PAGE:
Asked  7 Months ago    Answers:  5   Viewed   32 times

How to mix variables with selectors?

I have ID variable.

I want to select image with this id from div #one.

jQuery('#one img .id') is the selector. I've tried $('#one img .'+id) but doesn't work.



Edit: Based on your comment below, you would use this:

$('#one img.'+id)

In your question you have a space between img and the .class, I've simply removed that so you get img.className or img.'+className

With the introduction of template literals in ECMAScript 2015, you can also do

$(`#one img.${id}`)
Tuesday, June 1, 2021
answered 7 Months ago

You can do:






as you prefer.

So yes you can specify a selector that has to match ID and class (and potentially tag name and anything else you want to throw in).

Thursday, June 3, 2021
answered 6 Months ago

is just going to look for a div with class="outer inner", is that correct?

No, '.outer .inner' will look for all elements with the .inner class that also have an element with the .outer class as an ancestor. '.outer.inner' (no space) would give the results you're thinking of.

'.outer > .inner' will look for immediate children of an element with the .outer class for elements with the .inner class.

Both '.outer .inner' and '.outer > .inner' should work for your example, although the selectors are fundamentally different and you should be wary of this.

Wednesday, July 28, 2021
answered 4 Months ago

The current accepted answer is not consistent with tests across many browsers comparing :first and :eq(0) to .first() and .eq(0).

For the current major desktop browsers:
$('foo').first() is almost four times faster than $('foo:first')

If you want to inspect the methodology, here are the tests and their current results.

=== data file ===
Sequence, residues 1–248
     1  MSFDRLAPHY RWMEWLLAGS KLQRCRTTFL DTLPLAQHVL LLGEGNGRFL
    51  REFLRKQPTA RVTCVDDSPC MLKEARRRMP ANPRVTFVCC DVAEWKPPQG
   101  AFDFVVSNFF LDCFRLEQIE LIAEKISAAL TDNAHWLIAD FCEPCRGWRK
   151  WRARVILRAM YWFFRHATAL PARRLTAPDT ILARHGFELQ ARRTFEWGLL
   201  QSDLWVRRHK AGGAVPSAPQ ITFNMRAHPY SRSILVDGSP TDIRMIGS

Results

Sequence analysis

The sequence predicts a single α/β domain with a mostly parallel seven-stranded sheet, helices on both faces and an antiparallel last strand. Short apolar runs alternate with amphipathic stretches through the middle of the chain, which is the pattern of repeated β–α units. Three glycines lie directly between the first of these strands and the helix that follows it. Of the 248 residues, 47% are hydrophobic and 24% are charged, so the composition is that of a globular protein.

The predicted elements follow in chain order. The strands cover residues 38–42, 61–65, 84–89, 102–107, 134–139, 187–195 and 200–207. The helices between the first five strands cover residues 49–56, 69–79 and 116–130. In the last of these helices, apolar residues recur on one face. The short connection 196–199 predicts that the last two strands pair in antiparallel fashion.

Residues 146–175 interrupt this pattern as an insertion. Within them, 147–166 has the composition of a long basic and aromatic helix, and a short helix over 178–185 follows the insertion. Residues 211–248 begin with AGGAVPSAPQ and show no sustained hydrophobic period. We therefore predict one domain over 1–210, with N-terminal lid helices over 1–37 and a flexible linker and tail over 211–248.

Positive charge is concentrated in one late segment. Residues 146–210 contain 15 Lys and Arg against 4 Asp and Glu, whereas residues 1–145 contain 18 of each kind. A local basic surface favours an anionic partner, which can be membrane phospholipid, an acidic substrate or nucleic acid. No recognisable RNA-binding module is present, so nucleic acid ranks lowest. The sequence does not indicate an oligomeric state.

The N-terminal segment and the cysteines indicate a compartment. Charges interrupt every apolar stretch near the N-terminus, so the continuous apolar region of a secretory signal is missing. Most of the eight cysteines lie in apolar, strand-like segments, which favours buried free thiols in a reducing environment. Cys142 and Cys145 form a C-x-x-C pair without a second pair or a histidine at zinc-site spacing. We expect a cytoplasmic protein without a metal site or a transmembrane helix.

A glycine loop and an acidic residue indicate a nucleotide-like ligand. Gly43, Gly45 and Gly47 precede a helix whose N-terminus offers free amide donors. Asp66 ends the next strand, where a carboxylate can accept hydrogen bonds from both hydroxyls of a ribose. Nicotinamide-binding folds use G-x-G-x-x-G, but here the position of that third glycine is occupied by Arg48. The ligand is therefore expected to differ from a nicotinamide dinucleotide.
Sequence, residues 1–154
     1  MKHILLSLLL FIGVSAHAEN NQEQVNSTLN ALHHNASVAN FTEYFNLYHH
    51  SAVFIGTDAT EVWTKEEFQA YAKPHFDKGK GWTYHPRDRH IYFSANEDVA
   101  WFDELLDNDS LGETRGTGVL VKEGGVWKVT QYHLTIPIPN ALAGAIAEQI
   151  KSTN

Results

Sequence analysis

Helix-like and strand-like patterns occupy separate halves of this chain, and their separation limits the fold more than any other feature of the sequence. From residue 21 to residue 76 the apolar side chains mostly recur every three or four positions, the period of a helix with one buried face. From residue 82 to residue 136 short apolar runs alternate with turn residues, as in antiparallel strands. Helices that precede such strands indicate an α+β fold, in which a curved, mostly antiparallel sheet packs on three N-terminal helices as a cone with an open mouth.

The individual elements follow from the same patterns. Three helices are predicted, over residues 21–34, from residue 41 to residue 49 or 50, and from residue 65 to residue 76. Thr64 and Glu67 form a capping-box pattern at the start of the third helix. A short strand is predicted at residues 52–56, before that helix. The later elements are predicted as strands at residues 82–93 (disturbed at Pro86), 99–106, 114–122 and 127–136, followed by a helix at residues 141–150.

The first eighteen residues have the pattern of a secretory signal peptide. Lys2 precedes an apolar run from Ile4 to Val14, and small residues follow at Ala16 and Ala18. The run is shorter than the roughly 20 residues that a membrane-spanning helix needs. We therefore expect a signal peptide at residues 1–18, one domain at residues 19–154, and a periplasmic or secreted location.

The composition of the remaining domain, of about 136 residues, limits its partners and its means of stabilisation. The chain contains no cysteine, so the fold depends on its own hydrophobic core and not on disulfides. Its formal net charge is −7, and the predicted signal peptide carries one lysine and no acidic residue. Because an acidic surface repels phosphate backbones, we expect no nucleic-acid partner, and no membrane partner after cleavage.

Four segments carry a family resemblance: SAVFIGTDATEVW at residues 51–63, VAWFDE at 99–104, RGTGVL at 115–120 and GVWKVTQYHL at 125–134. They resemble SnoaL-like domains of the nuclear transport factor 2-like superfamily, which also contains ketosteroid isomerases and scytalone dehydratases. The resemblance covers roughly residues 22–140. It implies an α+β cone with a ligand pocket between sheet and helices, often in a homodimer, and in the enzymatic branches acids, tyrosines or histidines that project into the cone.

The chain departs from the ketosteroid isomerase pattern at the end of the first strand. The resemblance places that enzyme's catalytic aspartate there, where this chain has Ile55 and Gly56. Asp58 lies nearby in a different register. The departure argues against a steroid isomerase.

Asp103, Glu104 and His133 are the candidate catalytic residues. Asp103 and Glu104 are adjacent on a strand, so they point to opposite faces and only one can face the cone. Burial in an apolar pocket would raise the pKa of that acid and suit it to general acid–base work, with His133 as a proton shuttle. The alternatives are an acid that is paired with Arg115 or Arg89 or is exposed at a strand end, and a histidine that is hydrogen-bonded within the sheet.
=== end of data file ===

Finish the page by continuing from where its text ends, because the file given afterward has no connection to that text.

Wednesday, August 4, 2021
answered 4 Months ago

Sometimes, jQuery is the wrong way...

You shouldn't use jQuery unless it's offers a legitimate advantage. Often times using standard JavaScript will give you enormous performance advantages. With your situation, you could do something like the following:

var i,
    tags = document.getElementById("content").getElementsByTagName("*"),
    total = tags.length;
for ( i = 0; i < total; i++ ) {
  tags[i].style.width = '100%';

Online Demo:

That being said, the jQuery method is pretty simple as well.


This will run down into each level of #content, affecting all elements.

Online Demo:

Performance Differences

Using to compare the peformance difference here we can see the magnitude of speed raw JavaScript has over the jQuery alternative. In one test JavaScript was able to complete 300k operations in the time it took jQuery to complete 20k.

Test Now:

But, Why JavaScript?

Ultimately the question of whether jQuery or Raw JavaScript is better is a red-herring, distracting from the real question - why use scripting at all? If you detect a mobile browser, load a new stylesheet containing mobile rules:

#content * { width:100% }
Friday, August 13, 2021
Do Tog
answered 4 Months ago
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